Supporters of former Yemeni President Ali Abdullah Saleh who stepped down in 2011 at the height of the Arab Spring in exchange for immunity from political harassment and legal prosecution have sided with Houthi rebels, while army units, loyal to Hadi, and Sunni volunteers from local tribes opposed the rebels.
In February 2010, the Yemeni government and Shiite rebels signed a ceasefire agreement.
In mid-August 2014, Houthi-organized protests flared up in Yemen, and they escalated into clashes with security forces one month later.
After several unsuccessful attempts to launch dialogue with Hadi’s regime, in early 2015 the Houthis launched an all-out attack on major Yemeni cities, including the country’s capital of Sanaa and seized most of the country. Hadi was virtually ousted from power and fled from Sanaa to Aden where he set up his temporary residence. Later he was forced out of the country.
On March 22, 2015, the UN Security Council confirmed the legitimacy of Hadi's presidency and condemned the Houthis' actions. Later in the day, the Houthis established control over Yemen’s third largest city of Taiz and in early April, they entered Aden.
Saudi Arabia announced on March 23, 2015, that Persian Gulf states would act to defend the region from Houthi aggression. The initiative was supported by the United Arab Emirates, Kuwait, Bahrain, Qatar, Jordan, Morocco, Egypt, Sudan and Pakistan.
On March 26, 2015, the international coalition launched the Operation Decisive Storm in Yemen, carrying out airstrikes against the Houthis at Hadi's request. The coalition’s air force started bombing Sanaa, targeting Houthi-controlled air force, air defense installations, the international airport and residential areas. Coalition forces also attacked Houthi units, their camps, military equipment and the infrastructure in Yemen.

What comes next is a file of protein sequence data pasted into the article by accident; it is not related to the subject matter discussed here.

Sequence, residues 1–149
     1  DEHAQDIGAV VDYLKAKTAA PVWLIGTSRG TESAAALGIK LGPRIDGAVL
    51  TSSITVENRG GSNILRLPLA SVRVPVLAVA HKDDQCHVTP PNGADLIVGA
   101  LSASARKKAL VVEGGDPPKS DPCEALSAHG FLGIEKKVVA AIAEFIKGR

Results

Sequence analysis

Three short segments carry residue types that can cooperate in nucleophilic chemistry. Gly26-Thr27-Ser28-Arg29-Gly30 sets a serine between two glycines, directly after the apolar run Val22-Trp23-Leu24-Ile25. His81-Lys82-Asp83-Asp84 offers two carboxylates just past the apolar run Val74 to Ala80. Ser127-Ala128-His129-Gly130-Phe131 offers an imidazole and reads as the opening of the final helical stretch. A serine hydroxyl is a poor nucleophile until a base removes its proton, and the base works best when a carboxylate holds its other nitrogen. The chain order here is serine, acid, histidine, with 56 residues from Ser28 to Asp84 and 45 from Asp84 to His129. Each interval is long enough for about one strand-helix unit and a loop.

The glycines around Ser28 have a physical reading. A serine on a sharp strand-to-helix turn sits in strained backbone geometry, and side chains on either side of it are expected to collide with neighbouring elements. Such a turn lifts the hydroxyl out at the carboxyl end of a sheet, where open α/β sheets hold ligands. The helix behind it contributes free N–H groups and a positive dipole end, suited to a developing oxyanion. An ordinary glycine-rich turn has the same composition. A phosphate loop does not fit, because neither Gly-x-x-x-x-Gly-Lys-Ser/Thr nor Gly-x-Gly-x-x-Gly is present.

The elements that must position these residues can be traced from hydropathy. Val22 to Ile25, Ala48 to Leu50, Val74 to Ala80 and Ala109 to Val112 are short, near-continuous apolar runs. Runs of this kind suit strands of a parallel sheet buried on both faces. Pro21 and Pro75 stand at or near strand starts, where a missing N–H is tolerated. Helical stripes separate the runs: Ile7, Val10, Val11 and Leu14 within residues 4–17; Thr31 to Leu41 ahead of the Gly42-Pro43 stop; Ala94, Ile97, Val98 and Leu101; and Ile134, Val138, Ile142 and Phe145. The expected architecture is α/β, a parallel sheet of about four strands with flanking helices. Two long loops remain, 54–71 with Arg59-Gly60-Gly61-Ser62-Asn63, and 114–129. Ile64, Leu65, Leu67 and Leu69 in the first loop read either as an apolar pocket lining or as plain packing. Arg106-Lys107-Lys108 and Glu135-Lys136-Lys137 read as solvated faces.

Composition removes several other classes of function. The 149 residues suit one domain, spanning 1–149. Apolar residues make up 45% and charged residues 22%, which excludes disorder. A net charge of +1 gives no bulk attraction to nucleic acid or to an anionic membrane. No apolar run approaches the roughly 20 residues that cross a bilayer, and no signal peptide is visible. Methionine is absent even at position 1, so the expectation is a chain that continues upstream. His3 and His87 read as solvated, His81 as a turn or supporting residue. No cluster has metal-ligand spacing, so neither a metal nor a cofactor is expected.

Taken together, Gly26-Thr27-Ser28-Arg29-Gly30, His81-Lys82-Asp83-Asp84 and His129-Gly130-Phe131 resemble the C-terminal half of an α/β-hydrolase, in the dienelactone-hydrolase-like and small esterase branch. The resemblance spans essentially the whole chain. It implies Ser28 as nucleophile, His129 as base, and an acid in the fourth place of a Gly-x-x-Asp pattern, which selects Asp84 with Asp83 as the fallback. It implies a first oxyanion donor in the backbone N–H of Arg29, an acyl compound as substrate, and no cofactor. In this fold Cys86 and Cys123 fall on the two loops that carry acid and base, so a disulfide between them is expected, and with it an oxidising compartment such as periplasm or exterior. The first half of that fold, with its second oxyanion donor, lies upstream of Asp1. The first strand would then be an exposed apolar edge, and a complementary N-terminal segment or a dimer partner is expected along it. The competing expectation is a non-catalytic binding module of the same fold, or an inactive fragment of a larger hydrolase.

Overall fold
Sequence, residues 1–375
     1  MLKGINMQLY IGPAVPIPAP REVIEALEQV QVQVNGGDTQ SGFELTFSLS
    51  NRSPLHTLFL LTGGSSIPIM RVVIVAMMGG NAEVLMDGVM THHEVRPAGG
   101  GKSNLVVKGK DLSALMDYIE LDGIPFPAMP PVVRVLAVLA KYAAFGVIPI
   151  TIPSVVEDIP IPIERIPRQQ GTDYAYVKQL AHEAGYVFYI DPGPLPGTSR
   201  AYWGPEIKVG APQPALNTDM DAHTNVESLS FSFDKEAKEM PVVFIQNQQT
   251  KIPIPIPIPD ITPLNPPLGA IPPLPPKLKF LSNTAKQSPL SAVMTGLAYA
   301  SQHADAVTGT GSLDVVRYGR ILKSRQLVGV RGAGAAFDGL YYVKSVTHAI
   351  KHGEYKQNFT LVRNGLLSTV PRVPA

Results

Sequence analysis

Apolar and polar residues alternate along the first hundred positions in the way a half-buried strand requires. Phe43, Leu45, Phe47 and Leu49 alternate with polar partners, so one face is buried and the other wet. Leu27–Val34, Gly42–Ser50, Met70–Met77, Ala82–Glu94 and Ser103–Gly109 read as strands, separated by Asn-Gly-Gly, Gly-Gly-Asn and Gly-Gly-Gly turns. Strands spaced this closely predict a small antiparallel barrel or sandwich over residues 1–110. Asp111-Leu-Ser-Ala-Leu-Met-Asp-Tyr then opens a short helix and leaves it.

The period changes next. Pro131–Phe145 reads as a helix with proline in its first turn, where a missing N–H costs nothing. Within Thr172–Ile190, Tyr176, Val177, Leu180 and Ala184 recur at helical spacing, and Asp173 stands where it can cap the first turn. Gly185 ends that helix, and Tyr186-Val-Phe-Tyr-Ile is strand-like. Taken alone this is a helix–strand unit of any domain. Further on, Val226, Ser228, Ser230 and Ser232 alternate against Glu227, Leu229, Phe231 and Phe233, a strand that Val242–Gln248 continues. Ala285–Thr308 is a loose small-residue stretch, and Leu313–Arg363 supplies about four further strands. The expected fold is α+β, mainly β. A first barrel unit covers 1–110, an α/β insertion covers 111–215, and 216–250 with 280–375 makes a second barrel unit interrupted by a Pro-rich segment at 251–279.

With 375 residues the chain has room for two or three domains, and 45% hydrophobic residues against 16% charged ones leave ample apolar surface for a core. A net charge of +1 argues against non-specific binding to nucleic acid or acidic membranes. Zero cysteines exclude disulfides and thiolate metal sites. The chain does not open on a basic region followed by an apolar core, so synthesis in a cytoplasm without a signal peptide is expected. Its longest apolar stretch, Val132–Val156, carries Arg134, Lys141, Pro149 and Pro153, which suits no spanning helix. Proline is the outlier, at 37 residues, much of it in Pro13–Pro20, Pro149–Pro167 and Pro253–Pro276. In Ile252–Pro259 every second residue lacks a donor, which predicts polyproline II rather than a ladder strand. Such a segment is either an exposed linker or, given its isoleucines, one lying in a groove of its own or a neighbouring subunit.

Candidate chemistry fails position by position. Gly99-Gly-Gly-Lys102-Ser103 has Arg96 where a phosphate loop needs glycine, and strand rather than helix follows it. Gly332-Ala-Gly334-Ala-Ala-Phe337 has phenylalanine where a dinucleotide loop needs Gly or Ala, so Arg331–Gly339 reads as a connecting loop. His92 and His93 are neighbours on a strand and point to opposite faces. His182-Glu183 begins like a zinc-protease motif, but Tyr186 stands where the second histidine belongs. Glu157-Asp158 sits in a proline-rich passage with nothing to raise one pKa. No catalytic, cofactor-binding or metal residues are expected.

On April 21, 2015, the coalition sources announced the successful completion of the Operation Decisive Storm and the shift to the political-military Operation Renewal of Hope. It was announced that the Houthi threat to Saudi Arabia and its neighbors had been eliminated, that ballistic missiles seized by the rebels had been destroyed, and that the new campaign would aim to resume the political process, combat terrorism and counter Houthi military activity.
A fragile truce ended in mid-May, 2015, and the coalition launched new air strikes against Houthi positions.
In June, an attempt to launch indirect UN-mediated intra-Yemeni talks failed in Geneva.
By mid-July, forces, loyal to the legitimate authorities and supported by coalition land units, had retaken Aden and several strategically important southern areas. Hadi returned to Yemen and proclaimed Aden the country’s "temporary capital."
Apart from Saudi Arabia that leads the ten-country coalition, Qatar and the United Arab Emirates (UAE) contributed 1,000 soldiers each and Bahrain sent about 500 servicemen to ground operations.
In September 2015, media reported the deployment of 800 soldiers from Egypt. However, Cairo denied these claims. Nevertheless, Egypt was indeed involved in a naval blockade of Yemen. Other countries confined themselves to airstrikes and logistics support.
Faced with the coalition’s onslaught and losing the southern sector of the capital, the Houthis and Saleh agreed to begin talks under a plan approved by the United Nations calling for a complete ceasefire, the withdrawal of the rebel units from cities and the establishment of a national-unity government. Yemeni authorities refused to negotiate.
In late September, 2015, the Houthis carried out an successful attack in south of Sanaa and also attacked Saudi forces on the border with Saudi Arabia. In November, 400 Sudanese soldiers reinforced coalition forces operating in the Taiz province. According to some estimates, 10,000 service personnel were deployed on the ground.